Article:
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That makes a lot of sense, knowing Marvel secrecy. I loved the first scene of this first episode basically replaying the battle of New York through young Kate Bishop's perspective. It felt like a new way to retell this event that fans are so familiar with already. Was that something that you had outlined from the jump, that you knew you wanted to do?

IGLA: Yeah, that was part of my original pitch when I went into Marvel. I can't remember exactly where it initially came from, but it was definitely one of the very first things that I came up with. Partly, I was already thinking a little bit in terms of wanting to set up the notion of there being different points of view. That ends up being not as important in the series as I initially thought it might be, but in the comic books that, obviously, heavily influenced the series that everybody at Marvel loves, that I love so much, the Matt Fraction/David Aja run. And in Matt Fraction's, generally, he plays with point of view in a really fun and fascinating way.

Initially telling that story again that we are so familiar with, but from a totally different point of view, from young Kate's point of view, was also a way that I thought I could establish a convention of jumping back and forth a little bit in time and seeing things from different perspectives — which again, didn't end up being a big narrative part of the show, but was part of my initial thoughts.

I've always been fascinated by the way that we psychologically... the way that we pair events in our brain that are either only a little bit related, or not really related, or that we think happened at the same time and maybe didn't. There was a moment in the premiere of the last half of the last season of Mad Men where we did something like this, where Don has not found out that Rachel Menken had died. And he's talking to that waitress, and she sort of challenges him to think hard about the order that some of these things that he thought were coincidental had happened in.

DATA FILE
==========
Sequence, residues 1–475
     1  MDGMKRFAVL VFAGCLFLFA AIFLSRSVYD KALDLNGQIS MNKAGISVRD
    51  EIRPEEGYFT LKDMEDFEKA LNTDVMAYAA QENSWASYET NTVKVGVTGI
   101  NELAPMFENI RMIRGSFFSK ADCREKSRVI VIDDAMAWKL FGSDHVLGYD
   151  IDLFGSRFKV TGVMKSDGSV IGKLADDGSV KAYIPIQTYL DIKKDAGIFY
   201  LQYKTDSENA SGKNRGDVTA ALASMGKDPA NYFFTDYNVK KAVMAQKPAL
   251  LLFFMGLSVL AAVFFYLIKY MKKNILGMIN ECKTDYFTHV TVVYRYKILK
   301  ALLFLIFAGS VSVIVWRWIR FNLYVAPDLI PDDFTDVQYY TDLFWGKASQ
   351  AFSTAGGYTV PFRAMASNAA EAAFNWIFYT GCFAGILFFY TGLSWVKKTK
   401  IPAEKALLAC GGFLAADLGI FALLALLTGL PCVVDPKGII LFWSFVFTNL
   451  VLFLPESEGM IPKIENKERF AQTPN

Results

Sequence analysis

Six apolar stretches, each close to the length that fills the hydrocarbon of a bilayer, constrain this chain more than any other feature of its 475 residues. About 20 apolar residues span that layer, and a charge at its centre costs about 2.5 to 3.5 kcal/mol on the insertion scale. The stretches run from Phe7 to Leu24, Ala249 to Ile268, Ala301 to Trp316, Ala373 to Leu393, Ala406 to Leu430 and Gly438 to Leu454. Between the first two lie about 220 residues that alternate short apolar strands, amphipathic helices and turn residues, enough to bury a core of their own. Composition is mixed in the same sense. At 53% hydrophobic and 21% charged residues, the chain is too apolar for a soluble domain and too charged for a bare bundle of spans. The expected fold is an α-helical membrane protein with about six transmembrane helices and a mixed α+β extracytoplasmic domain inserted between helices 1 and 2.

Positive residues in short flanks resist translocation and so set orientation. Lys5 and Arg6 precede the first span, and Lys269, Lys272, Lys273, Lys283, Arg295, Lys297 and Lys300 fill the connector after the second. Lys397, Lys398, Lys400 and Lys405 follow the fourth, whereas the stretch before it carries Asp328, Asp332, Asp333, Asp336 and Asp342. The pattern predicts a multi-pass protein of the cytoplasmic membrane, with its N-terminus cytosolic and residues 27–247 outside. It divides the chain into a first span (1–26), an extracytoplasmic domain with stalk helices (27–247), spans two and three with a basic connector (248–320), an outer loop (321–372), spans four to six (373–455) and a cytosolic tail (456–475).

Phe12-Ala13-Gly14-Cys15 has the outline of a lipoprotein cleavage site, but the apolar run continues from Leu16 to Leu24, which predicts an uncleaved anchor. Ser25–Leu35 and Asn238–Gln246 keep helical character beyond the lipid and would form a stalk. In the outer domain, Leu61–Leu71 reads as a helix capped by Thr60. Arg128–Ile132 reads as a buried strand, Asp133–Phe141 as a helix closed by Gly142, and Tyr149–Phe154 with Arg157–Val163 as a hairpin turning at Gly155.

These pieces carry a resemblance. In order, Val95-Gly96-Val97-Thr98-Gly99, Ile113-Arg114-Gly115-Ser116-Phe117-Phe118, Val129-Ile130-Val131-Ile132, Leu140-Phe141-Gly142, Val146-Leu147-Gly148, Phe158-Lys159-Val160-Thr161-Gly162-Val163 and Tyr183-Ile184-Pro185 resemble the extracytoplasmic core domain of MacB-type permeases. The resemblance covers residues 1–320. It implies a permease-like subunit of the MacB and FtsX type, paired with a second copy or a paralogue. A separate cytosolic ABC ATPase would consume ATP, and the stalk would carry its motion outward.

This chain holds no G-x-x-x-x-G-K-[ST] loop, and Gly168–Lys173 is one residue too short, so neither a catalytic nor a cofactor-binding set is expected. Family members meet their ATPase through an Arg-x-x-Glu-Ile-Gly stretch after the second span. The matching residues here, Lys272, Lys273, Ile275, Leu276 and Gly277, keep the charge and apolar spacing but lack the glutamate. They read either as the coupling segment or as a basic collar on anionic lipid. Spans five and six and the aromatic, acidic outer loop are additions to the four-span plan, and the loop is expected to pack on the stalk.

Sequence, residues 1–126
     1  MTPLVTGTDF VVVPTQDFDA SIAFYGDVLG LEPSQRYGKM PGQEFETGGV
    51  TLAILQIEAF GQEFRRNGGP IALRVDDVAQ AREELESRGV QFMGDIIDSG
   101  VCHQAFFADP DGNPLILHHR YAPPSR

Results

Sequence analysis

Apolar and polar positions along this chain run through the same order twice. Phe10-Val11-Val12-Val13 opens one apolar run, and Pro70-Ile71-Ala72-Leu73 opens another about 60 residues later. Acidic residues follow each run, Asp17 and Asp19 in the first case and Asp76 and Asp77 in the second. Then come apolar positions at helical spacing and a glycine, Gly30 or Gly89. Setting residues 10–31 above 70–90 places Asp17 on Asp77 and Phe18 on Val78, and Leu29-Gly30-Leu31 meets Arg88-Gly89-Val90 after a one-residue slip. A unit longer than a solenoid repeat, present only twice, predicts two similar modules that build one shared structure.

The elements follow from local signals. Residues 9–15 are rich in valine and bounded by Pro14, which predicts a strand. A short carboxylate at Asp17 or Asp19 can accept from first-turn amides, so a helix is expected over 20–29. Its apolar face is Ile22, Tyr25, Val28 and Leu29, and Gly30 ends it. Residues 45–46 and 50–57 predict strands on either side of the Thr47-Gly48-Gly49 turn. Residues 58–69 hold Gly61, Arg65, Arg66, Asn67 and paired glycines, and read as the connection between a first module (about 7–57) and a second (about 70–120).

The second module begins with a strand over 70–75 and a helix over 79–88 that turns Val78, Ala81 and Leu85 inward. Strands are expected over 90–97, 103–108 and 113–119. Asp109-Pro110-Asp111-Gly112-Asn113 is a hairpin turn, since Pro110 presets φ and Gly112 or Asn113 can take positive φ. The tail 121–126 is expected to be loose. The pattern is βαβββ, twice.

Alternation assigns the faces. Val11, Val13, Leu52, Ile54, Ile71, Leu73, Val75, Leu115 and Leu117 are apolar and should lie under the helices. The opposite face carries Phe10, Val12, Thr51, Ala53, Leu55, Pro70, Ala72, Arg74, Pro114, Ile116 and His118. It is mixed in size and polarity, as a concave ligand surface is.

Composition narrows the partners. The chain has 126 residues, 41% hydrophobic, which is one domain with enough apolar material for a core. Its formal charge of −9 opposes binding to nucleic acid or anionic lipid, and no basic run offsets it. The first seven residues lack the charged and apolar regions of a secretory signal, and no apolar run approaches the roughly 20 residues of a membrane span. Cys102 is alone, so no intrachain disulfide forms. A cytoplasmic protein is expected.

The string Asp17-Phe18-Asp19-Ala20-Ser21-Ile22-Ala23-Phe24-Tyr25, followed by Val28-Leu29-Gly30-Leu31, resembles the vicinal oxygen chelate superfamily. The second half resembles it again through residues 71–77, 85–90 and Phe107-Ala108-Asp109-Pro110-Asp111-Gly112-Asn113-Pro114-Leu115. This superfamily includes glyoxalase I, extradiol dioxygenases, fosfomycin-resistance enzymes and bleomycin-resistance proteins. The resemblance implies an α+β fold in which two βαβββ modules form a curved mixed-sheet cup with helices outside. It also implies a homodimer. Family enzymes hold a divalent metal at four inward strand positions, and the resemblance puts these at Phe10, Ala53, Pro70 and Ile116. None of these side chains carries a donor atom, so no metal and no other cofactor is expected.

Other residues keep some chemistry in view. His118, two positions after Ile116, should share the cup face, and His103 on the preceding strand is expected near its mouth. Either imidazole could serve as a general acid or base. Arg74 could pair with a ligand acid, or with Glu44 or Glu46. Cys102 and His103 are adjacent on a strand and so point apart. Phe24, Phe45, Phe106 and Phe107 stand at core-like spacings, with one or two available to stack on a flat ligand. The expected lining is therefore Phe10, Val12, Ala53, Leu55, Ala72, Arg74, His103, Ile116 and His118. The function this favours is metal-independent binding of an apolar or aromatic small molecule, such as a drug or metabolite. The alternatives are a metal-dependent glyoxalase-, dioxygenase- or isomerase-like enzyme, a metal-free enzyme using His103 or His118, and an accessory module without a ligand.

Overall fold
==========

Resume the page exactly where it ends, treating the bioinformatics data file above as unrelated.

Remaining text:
So this is a very roundabout way of saying [that] I wanted to pair the death of Kate's father with her seeing Hawkeye. Because the trauma of losing a parent, and also an alien invasion right outside your window — which, apart from the death of a parent, is obviously a gigantic, terrifying, traumatizing event. Seeing [Hawkeye] who is not out of control in that moment, but seems completely in control, even though it's completely terrifying. [For] Kate, somebody who doesn't have superpowers, that felt like the type of thing that would make a lifelong lasting mark on a child.

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Image via Marvel Studios

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I know you're probably going to get asked so much about Rogers: The Musical, which is honestly delightful in so many ways, but one of the things that struck me watching it was the very quiet moment we get of Clint clearly missing Natasha, even with all the hilarity and the grand spectacle of this stage musical. Is that something that we're going to see throughout these episodes, more of these little moments of him still mourning that loss?